Power and Legitimacy in the Internationalization of Brazilian Universities by Isabel M. Sacks (*)
In 2017, the Brazilian government ended the fraught Science Without Borders (SWB) program and replaced it with the Institutional Internationalization Program (PrInt). Under PrInt, control of higher education internationalization is shifted to universities. 109 universities wrote proposals and 36 were selected to carry out a unique internationalization plan over the course of four years. As universities are now the primary nodes of internationalization in Brazil, their perspective must be considered in analyzing the role of power and legitimacy in the internationalization of higher education in Brazil.
Higher education is situated in political, social, economic, cultural, and epistemological contexts, and the blurring of national boundaries in these areas has significant implications. The central tension in internationalization remains: does it promote global citizenship, social justice, and cross-cultural solidarity? Or is it a mechanism of “uncritical imitation” (Klemencic, 2017, p. 109) of the countries and universities of the Global North (Altbach, 2004; Altbach & Teichler, 2001; Larsen, 2016)? It is crucial to consider how universities’ regional and national contexts influence how and why they internationalize.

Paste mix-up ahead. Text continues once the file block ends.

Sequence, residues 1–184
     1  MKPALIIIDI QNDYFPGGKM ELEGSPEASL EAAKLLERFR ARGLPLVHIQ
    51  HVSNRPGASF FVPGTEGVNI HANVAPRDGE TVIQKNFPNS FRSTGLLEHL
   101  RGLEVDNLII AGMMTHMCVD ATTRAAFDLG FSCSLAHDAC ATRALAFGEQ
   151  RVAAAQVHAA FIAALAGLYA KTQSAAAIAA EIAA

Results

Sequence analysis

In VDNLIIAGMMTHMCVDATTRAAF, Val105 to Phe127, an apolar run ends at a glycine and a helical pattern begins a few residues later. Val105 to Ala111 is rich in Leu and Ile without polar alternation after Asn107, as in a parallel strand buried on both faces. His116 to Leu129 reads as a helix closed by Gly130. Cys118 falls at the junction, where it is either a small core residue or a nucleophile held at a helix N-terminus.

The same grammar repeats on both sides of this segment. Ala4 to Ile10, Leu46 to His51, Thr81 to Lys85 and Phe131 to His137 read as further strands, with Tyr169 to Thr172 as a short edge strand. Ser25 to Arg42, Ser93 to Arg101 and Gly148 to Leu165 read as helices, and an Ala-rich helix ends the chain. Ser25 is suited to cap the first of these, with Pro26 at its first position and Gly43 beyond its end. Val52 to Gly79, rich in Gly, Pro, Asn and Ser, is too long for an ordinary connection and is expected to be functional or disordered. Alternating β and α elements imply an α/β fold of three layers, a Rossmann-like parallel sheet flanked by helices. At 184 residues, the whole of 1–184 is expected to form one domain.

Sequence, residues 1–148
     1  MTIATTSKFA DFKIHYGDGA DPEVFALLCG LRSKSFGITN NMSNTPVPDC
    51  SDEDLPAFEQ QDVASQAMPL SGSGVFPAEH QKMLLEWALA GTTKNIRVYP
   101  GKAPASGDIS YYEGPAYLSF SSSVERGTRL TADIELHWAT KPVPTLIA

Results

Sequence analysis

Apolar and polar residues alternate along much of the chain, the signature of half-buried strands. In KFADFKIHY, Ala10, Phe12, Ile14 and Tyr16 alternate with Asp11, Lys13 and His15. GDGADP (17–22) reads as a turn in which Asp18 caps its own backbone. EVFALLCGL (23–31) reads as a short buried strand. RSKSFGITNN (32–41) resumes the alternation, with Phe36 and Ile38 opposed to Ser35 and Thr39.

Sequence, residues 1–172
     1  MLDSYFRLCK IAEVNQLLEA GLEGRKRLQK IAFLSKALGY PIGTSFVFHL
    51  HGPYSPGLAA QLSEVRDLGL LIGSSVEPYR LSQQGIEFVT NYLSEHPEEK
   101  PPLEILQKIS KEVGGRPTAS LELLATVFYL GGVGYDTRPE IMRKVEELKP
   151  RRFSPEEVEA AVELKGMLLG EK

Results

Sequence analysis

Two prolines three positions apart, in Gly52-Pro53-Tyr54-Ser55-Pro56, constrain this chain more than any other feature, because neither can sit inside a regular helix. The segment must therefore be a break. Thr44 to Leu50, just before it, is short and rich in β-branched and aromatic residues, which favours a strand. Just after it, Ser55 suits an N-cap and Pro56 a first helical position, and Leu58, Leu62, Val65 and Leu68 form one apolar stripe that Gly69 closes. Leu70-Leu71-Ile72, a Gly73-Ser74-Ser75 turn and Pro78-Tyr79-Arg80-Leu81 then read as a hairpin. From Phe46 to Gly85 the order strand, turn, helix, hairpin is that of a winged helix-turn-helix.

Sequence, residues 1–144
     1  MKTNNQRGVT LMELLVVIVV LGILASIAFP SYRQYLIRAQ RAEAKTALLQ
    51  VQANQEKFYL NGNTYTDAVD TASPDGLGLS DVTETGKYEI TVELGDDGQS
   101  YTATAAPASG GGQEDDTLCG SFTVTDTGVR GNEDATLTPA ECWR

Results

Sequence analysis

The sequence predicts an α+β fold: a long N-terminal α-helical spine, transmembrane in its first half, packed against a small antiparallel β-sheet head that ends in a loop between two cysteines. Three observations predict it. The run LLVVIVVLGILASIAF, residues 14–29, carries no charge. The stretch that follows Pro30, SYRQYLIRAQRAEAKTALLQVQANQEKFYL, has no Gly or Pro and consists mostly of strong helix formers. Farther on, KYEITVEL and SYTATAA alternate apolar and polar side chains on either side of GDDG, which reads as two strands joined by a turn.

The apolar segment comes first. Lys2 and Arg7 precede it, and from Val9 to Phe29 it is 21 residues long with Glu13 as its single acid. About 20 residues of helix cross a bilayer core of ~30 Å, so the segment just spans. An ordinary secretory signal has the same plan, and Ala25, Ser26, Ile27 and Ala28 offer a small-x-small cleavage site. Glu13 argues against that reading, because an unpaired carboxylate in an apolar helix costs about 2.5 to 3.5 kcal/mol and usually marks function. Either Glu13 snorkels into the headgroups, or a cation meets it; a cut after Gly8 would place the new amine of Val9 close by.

In order to develop an understanding of how and why Brazilian universities internationalize, I conduct a qualitative document analysis of the internationalization strategic plans of nine universities approved for PrInt funding. I examine how these nine universities consider power dynamics and legitimacy at both the national and global levels when internationalizing their institution.
(*)Isabel Sacks is a MA Candidate in International Comparative Education at Stanford Graduate School of Education .